See. Eat. Sleep. Enjoy. A 72-Hour Guide to Milan, Italy.City breaks are perfect for those long weekends away. You go to a city and you've got only a short amount of time to see the sights, there's no time to get distracted.But what if you don't know exactly what to do and see? Which places to eat at? When the best time is to visit? Milan is renowned as one of Italy's (or the world for that matter) most fashionable cities -but beneath its cool exterior is a wealth of historic and artistic masterpieces, including the largest Gothic cathedral in the world, the Last Supper painting, and the famous La Scala Opera House. Travelers to Milan will find a fast-paced, glamorous city with a thriving cultural scene and an unapologetic love of shopping. An exciting blend of fashion, culture and architecture, Milan has much to offer any one who decides to visit this vibrant metropolis.Inside3 Day Guide to Milan: A 72-hour definitive guide on what to see, eat and enjoy in Milan, Italy:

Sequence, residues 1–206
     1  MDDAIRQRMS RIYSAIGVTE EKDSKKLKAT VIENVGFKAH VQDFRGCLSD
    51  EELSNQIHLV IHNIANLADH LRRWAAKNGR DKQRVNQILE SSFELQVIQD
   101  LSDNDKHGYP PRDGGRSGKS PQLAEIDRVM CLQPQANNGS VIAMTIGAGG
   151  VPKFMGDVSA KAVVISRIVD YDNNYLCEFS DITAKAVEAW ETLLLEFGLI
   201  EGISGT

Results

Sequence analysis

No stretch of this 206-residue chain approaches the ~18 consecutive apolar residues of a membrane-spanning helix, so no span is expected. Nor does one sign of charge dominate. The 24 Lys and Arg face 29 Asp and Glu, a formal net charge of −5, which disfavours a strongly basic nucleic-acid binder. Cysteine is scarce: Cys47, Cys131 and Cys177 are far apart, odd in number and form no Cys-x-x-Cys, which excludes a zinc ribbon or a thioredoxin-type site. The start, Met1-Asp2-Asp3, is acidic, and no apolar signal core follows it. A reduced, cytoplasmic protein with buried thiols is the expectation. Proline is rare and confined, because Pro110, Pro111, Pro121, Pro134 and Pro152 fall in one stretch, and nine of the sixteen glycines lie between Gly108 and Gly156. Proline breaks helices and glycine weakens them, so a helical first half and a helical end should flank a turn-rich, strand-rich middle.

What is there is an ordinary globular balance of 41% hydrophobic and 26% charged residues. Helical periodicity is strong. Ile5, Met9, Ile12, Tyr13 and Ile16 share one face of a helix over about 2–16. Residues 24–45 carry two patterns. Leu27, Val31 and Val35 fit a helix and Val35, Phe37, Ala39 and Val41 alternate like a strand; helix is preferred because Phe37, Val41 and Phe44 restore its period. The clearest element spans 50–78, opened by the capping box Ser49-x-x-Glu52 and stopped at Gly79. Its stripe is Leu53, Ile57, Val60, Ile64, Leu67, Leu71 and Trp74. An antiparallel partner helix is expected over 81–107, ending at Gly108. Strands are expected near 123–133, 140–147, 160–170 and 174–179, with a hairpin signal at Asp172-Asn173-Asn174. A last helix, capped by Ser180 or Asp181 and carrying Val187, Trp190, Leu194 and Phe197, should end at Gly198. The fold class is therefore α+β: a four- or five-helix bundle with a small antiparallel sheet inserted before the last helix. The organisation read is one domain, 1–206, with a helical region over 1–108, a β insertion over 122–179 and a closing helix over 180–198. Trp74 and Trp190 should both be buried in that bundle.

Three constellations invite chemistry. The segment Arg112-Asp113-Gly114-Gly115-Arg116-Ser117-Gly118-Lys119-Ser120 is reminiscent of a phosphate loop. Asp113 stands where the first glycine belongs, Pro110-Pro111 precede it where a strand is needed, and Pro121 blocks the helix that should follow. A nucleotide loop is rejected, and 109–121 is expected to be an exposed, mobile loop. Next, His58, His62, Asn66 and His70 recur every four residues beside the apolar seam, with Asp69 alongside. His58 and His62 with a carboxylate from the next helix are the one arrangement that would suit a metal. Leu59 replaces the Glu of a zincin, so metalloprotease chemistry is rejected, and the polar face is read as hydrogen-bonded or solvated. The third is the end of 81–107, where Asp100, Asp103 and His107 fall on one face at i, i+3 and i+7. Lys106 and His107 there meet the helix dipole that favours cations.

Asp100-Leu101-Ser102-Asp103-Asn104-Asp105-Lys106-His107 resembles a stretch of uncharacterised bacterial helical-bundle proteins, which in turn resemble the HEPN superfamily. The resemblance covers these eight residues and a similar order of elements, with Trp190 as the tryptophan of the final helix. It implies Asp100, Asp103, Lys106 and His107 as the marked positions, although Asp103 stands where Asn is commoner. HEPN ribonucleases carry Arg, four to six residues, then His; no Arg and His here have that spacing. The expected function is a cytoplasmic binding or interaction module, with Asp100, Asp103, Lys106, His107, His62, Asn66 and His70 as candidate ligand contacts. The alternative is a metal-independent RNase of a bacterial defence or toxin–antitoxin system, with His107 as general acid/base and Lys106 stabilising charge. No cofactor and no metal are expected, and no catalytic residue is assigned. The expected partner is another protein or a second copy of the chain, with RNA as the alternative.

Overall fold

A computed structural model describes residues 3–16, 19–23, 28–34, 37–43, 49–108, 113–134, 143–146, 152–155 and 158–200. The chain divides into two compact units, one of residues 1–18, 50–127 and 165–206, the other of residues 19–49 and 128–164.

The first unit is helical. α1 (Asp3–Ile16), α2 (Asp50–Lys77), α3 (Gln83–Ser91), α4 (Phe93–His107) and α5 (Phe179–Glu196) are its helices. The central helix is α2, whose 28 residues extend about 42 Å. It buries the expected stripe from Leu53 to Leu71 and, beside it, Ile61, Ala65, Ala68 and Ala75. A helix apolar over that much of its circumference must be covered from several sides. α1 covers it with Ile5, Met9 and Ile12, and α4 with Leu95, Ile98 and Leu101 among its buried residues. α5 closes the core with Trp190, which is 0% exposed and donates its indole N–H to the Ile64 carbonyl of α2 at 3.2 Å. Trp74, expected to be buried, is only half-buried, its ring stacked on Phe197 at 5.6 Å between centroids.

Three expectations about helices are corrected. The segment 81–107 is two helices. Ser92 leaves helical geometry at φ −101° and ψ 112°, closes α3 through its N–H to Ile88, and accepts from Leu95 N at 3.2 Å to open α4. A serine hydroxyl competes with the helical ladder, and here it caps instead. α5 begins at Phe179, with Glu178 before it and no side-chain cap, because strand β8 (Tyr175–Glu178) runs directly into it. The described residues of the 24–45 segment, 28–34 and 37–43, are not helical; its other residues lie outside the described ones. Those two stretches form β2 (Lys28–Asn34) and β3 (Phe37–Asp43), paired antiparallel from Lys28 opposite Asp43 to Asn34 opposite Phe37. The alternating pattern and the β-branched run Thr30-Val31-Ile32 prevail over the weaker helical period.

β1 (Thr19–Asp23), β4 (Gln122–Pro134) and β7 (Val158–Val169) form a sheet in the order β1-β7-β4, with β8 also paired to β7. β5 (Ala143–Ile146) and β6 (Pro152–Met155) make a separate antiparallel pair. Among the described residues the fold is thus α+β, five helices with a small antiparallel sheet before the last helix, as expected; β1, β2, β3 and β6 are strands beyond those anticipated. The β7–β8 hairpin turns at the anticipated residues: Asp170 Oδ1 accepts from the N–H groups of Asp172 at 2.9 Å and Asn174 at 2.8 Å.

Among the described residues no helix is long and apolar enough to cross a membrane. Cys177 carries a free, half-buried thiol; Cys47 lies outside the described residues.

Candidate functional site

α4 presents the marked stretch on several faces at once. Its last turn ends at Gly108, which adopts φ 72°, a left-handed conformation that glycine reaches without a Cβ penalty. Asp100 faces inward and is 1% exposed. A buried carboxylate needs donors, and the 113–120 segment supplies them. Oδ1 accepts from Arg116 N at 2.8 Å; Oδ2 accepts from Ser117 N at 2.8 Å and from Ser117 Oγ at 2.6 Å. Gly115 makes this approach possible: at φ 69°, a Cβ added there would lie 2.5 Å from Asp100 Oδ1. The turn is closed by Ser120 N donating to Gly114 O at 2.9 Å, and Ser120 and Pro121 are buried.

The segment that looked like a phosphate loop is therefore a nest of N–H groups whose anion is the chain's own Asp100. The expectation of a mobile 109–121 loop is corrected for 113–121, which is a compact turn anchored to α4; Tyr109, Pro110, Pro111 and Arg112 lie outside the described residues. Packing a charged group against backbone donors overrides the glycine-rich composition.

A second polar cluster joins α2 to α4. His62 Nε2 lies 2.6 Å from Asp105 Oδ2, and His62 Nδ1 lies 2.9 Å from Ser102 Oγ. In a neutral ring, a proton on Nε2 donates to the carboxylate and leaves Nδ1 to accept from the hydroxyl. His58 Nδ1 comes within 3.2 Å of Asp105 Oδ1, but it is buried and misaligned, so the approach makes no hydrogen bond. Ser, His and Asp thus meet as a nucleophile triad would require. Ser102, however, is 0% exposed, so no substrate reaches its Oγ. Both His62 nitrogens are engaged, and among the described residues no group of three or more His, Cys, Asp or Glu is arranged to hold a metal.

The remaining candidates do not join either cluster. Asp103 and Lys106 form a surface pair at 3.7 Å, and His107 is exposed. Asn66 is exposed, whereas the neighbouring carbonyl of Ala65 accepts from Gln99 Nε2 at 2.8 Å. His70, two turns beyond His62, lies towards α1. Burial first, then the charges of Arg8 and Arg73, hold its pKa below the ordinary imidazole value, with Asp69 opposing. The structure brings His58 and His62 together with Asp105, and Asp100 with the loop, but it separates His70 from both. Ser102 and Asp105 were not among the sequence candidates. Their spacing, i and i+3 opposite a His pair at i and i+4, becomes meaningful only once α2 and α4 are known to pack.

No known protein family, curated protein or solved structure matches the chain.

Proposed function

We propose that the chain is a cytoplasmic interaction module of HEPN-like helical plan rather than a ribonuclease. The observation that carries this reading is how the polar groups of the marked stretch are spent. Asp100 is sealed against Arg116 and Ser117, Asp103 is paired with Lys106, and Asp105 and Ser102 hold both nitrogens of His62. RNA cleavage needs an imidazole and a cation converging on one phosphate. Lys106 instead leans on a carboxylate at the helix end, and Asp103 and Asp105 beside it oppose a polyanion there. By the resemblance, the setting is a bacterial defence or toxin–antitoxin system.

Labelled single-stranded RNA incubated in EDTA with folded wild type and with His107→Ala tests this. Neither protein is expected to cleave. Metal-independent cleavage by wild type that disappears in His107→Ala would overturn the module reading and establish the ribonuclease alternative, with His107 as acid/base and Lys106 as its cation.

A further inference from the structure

A new fun format for Quarry's best-selling 20 Ways to Draw a Cat and 44 Other Awesome Animals, this cute chunky volume features 500 inspirational illustrations in a perfect small size for drawing on the go! From cats, songbirds, and elephants to rabbits, rhinos, and hedgehogs, Draw 500 Awesome Animals is perfect for illustrators, cartoonists, doodlers, and anyone who loves to sketch.`
A Guided Reader to Early Years and Primary English draws on extracts from the published work of some of the most influential education writers to provide insight, guidance and clarity about key issues affecting early years practitioners and primary English teachers.
The book brings together key extracts from classic and contemporary writing and contextualises these in both theoretical and practical terms. The extracts are accompanied by a summary of the key ideas and issues raised, questions to promote discussion and reflective practice, and annotated further reading lists to extend thinking.
Taking a thematic approach and including a short introduction to each theme, the chapters cover:
Aimed at trainee and newly qualified teachers, those working towards Masters level qualifications and all those involved in the teaching of early years and primary English, this accessible, but critically provocative text will be an essential resource for those that wish to deepen their understanding of early years and primary English education.